Impromptu Berkeley parking control. (Dan Brekke/KQED)
Impromptu Berkeley parking control. (Dan Brekke/KQED)

If San Francisco is “the city that knows how” — we’ll leave that debate for later — then Berkeley is surely “the city that knows how you should do it.” Having lived there for decades, I’ve come to wonder whether there’s anywhere on earth where total strangers are so willing to offer advice and direction on all topics, the vital and the trivial alike. Over the years, I’ve had people offer free instruction on child-rearing, dog-walking and the proper method of standing in line. I’d be lying if I said I haven’t been tempted to do the same.

I’ve noticed this penchant for instruction asserting itself recently in matters related to parking in residential neighborhoods, usually by way of homemade signs alerting motorists to local conditions of which they might not be aware.

More impromptu parking control. (Dan Brekke/KQED)
More impromptu parking control. (Dan Brekke/KQED)

Sometimes the advisories are helpful. Folks a block over from where I live very helpfully put up placards on street-sweeping days, presumably so people parking in the area can avoid tickets. Sometimes the notices are peremptory, directives on how to park, and what should be parked, in a given space.

On one level, it’s probably an exercise in consciousness-raising: “Hey, Mr. Driver, I bet you didn’t realize you don’t have to hog the whole space!” Or, “It’s not nice of you to park your SUV here where two Honda Fits would, um, fit.”

On another level, one wonders how much control people expect to have over their surroundings. As someone who’s occasionally irritated by commuters turning his street into a weekday parking lot, with much of the attendant rudeness and lack of care that implies, I kind of sympathize. I watch drivers park with the back end of their cars hanging over into other people’s driveways, get out and check their handiwork, then walk off to catch BART or the casual carpool or their Google bus. (And no, I generally don’t want to get people ticketed; besides, I’ve had a Berkeley cop tell me he’d write a ticket only when a car was parked so far over the driveway that it actually made it impossible to get in or out.)

So, neighbors far and wide continue their effort to enlighten the driving public.

An excellent recent example of someone who’s taking management of their curb space to new heights comes (above right) from a homeowner in North Berkeley who wants parkers to recognize that they are invited to pull partway across the driveway. He or she has actually created an extra parking space (a considerate gesture given the number of commuters driving to the neighborhood. The sign says: “If you are going to park here, pull up to this bin so another car can park here. We appreciate your cooperation.”

(Dan Brekke/KQED)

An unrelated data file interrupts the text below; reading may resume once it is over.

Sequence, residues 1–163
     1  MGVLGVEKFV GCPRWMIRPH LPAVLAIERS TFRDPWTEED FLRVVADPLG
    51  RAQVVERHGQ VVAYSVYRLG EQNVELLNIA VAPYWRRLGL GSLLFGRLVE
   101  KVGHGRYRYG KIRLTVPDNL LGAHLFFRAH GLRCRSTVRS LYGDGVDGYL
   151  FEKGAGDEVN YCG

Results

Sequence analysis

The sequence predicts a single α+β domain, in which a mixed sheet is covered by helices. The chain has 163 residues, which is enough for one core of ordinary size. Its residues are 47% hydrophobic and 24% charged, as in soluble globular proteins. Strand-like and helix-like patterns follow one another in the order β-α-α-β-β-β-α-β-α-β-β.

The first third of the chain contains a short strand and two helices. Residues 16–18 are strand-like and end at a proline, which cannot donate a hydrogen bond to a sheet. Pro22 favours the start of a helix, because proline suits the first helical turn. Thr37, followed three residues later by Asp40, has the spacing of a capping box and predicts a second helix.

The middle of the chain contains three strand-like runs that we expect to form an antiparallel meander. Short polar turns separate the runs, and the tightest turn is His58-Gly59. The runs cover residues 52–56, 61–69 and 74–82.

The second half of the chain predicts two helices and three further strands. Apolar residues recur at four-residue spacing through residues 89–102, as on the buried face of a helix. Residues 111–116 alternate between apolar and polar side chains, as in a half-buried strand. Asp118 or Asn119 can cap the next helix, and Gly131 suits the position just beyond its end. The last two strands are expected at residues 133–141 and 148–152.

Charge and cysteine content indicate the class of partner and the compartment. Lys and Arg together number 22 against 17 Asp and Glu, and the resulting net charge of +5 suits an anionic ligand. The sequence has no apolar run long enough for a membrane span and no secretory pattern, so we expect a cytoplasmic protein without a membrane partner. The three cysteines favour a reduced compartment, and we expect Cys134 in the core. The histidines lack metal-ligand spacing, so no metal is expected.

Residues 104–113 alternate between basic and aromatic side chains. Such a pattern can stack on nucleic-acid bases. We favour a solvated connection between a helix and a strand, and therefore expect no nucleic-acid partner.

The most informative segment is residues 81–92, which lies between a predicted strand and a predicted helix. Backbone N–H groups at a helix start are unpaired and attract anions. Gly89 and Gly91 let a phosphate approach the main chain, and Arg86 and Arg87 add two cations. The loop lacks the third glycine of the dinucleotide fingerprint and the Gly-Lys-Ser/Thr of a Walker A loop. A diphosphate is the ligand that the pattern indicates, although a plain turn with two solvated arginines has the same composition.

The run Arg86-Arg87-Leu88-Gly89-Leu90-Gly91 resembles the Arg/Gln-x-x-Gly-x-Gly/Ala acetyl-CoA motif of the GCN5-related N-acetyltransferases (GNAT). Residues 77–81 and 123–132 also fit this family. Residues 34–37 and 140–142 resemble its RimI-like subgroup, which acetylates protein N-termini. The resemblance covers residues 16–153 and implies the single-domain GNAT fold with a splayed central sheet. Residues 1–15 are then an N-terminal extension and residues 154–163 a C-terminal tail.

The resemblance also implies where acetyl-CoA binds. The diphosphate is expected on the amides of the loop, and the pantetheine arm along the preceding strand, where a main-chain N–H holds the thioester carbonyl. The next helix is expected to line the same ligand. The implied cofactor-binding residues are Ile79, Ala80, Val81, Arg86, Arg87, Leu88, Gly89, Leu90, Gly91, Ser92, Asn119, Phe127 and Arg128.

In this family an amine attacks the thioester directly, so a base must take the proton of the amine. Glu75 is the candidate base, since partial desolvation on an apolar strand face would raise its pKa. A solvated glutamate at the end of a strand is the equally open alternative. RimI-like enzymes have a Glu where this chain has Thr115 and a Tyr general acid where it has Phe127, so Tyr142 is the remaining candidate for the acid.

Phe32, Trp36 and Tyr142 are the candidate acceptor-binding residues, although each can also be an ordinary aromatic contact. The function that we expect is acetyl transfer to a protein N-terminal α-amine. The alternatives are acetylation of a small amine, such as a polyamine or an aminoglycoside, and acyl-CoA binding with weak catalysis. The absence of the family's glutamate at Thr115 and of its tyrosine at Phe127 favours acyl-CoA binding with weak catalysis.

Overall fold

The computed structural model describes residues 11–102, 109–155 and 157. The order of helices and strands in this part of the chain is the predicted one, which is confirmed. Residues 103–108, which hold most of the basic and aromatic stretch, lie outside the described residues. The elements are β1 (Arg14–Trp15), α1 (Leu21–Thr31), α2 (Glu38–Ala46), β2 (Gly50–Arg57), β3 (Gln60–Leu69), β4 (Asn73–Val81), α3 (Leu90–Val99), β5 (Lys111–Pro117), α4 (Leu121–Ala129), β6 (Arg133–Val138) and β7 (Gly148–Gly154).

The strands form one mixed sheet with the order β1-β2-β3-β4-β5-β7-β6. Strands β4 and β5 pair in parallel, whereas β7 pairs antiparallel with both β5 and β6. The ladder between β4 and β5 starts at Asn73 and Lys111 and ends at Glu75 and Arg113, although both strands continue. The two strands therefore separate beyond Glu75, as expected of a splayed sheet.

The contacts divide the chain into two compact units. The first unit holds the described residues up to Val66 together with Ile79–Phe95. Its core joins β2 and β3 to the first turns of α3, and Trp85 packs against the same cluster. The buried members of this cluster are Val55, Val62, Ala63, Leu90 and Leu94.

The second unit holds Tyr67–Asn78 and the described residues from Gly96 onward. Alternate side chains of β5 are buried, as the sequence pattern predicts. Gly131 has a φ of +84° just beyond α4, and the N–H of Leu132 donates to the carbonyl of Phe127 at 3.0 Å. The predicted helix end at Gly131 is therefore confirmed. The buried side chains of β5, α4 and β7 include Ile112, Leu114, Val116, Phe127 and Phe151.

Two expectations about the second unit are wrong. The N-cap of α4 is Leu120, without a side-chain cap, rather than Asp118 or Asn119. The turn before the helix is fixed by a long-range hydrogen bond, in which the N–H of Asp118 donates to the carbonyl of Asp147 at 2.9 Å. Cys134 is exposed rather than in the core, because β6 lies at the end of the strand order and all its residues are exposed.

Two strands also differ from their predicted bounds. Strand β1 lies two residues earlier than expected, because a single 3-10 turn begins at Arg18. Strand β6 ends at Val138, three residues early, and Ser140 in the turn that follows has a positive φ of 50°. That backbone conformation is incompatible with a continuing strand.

(Dan Brekke/KQED)
  • Steve

    People might now how to park here (Berkeley), but they sure don’t know how to drive.

    • saucetin

      Let me try: Please pull ‘now’ in your sentence up to this ‘k’ to complete ‘know’.

      We could all be a little more Berkeley, couldn’t we? DJDave

    • Hildah

      Some can’t spell.

  • kanhema

    When words are not enough…

    • guest

      Don’t make limeade here?

  • Joe

    So true! I used to live in Berkeley and remember very well the
    smiley-face-adorned notes I used to get from my neighbor when my parking job
    was insufficiently efficient. “If you’d pulled up a little, then someone else
    could have parked behind you. Have a great day! J” I have to admit, it seems my
    community-mindedness has a limit, particularly when I’m getting to my car in
    the morning to go to work.

  • Kevin Lohman


  • ala…

    • Dan Brekke

      That is beautiful.

  • tb

    this is what happens when you don’t pull forward


Dan Brekke

Dan Brekke is a blogger, reporter and editor for KQED News, responsible for online breaking news coverage of topics ranging from California water issues to the Bay Area's transportation challenges. In a newsroom career that began in Chicago in 1972, Dan has worked as a city and foreign/national editor for The San Francisco Examiner, editor at Wired News, deputy editor at Wired magazine, managing editor at TechTV as well as for several Web startups.

Since joining KQED in 2007, Dan has reported, edited and produced both radio and online features and breaking news pieces. He has shared in two Society of Professional Journalists Norcal Excellence in Journalism awards — for his 2012 reporting on a KQED Science series on water and power in California, and in 2014, for KQED's comprehensive reporting on the south Napa earthquake.

In addition to his 44 years of on-the-job education, Dan is a lifelong student of history and is still pursuing an undergraduate degree.

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